Brody LaRock waits until recess to deliver the food.
While the kids of John Hay Elementary School play outside, LaRock carries bags of food into classrooms and surreptitiously slips them into the backpacks of 15 kids at the 500-student school on Queen Anne Hill.
Each bag contains cans of soup, crackers, tuna, granola bars and fresh fruit. There’s enough food to get a student through the next two days: two breakfasts, two lunches, three dinners and snacks.
At John Hay Elementary, 16 percent of the student body gets free or reduced lunch each school day, but that doesn’t help them Saturday and Sunday — something teachers notice when the kids are back in school. The Queen Anne Helpline, which operates a food pantry that provides non-perishable foods, launched a program this month to bring food directly to schools that kids can take home for the weekend.
“Children, when they’re hungry, they’re not able to pay attention in class, they can’t grow, they can’t learn as well,” said Nancy McKinney, executive director of the Ballard Food Bank, which purchases the food for the Helpline. “Sometimes parents don’t have the capacity to make it to the food bank.”
So anti-hunger nonprofits decided to stop relying on parents to get the food from the food bank and instead bring it directly to the kids to take home.
Teachers see students every day and can identify the signs of hunger in students whose grades are slipping or who show up to class fatigued, said Gil Gillmor, executive director of Neighbors in Need, a food bank in Mount Vernon.
“It’s the most targeted nutrition program we have at the food bank,” he said. “It’s getting it exactly where it needs to go, according to the professionals.”
The Arkansas Rice Depot, a Little Rock-based non-profit, initiated the first food backpack program in 1994. A school nurse called the Rice Depot asking for help because students were coming to school with headaches and stomach problems that she attributed to malnutrition.
It was a new approach to hunger. Food banks try to fill their clients’ pantries and refrigerators with nutrient-dense staples such as meats, grains and vegetables. Backpack programs provide kids with low-prep or no-prep meals to be eaten the weekend they receive the food. The contents vary, but a typical bag contains two containers of milk, a personal-sized box of breakfast cereal, two instant oatmeal packets, peanut butter, jam, tuna fish, mayonnaise, enough bread for two sandwiches, a box of macaroni and cheese, a can of soup, a can of chili and some snacks, including fresh fruit, granola bars, crackers and juice.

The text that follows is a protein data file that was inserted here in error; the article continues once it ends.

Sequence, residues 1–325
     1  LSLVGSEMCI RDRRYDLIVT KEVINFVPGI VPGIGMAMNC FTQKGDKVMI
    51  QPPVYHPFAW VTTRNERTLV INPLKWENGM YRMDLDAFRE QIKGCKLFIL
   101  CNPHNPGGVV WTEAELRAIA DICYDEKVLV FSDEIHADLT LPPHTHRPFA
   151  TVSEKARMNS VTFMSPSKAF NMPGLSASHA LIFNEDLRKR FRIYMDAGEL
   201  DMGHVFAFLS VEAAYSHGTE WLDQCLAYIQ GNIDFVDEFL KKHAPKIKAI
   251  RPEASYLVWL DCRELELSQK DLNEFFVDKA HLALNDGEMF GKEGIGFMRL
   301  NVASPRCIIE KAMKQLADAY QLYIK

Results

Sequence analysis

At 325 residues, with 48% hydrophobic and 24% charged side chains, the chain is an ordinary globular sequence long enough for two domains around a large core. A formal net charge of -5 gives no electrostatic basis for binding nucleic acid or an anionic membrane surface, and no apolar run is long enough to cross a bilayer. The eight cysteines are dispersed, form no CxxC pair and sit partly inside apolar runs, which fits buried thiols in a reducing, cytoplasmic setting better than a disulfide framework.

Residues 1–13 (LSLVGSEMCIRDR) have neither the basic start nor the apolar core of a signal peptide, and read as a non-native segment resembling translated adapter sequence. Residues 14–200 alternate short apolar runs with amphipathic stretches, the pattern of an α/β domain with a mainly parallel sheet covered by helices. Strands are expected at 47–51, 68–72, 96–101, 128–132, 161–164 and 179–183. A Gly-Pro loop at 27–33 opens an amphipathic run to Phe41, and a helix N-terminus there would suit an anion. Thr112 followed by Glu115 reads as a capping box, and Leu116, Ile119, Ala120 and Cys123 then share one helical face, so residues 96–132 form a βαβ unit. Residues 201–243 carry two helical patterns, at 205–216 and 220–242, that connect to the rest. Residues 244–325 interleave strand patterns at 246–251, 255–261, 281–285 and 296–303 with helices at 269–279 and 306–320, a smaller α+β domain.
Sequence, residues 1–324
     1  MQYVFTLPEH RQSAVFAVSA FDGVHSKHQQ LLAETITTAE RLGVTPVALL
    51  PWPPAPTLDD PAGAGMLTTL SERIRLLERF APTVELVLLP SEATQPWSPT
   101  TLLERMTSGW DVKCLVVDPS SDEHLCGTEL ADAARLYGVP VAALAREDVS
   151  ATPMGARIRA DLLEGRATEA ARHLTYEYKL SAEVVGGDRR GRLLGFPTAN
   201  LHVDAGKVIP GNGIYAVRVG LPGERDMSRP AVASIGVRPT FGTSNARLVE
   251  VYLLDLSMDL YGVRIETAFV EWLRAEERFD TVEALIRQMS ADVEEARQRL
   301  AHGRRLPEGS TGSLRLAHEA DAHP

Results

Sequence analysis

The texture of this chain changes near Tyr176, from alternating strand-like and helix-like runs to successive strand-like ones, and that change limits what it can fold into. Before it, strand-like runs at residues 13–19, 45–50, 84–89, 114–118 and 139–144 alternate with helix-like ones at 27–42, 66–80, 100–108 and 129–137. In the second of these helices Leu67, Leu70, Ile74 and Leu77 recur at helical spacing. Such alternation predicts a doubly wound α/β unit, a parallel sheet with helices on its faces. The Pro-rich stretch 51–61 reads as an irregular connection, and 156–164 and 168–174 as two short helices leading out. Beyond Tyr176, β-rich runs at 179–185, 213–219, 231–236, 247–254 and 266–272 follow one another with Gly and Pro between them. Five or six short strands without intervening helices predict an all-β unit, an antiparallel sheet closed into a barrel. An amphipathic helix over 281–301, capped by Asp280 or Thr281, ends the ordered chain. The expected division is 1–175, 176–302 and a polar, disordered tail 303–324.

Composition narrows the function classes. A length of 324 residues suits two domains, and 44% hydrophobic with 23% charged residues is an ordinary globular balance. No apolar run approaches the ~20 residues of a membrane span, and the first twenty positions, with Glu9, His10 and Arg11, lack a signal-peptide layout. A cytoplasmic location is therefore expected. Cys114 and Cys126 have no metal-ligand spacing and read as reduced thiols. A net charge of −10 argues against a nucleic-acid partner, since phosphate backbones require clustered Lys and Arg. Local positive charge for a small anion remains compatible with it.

Administrators slip the food into backpacks when students are outside of the classroom to avoid stigmatizing the students receiving the help.
“Nobody knows it’s food,” said Lisa Moore, executive director of the Queen Anne Helpline.
Seattle food banks provide food for backpacks to more than two dozen schools in Seattle. Northwest Harvest launched its program in 2004 and now delivers food to nine school districts. Northwest Harvest was an early adopter of the Arkansas model, and now there are weekend programs across the nation.
The Queen Anne Helpline and the West Seattle Food Bank launched their programs in November at a handful of neighborhood schools, and hope to expand them to more schools.
Weekend food programs are costlier and more complex than food banks. Food banks can feed a family a full meal for a dollar by purchasing in bulk. It costs as much as $8 to fill a backpack for one child for the weekend.
“It’s really expensive to buy little cans of fruit in individual servings,” said Elise DeGooyer, hunger response manager for Northwest Harvest.
Food bank officials started meeting Nov. 14 to figure out how to expand to new areas, particularly underserved communities in South Seattle.
Once off the ground, weekend food programs tend to grow quickly, said Jan Starr, executive director of Backpack Meals for Kids in Bellevue. Her organization served 20 kids when it started in 2011. Earlier this month, Starr helped pack 100 bags to send out to several schools on the Eastside.
The program finds the families who aren’t already served by food banks, either because they are unaware or do not have the time to get themselves there, Starr said.
“We have people living in cars, we have people who work service jobs and don’t make enough money to provide for their family,” Starr said. “They’re in a time in their life that they really need help.”